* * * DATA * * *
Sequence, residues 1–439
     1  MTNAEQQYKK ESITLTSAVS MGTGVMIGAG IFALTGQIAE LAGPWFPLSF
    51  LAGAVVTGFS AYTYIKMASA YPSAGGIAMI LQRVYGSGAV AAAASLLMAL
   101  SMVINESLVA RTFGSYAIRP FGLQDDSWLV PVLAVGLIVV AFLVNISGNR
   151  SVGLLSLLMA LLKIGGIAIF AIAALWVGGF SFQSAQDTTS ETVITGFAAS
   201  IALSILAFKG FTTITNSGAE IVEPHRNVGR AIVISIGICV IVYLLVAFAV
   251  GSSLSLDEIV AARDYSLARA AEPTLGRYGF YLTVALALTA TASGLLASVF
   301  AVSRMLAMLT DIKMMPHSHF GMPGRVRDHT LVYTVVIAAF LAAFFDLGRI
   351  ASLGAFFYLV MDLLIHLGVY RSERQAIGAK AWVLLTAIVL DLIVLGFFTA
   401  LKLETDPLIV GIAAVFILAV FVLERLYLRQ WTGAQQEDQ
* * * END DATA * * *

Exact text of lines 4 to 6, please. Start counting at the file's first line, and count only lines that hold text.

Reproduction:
   101  SMVINESLVA RTFGSYAIRP FGLQDDSWLV PVLAVGLIVV AFLVNISGNR
   151  SVGLLSLLMA LLKIGGIAIF AIAALWVGGF SFQSAQDTTS ETVITGFAAS
   201  IALSILAFKG FTTITNSGAE IVEPHRNVGR AIVISIGICV IVYLLVAFAV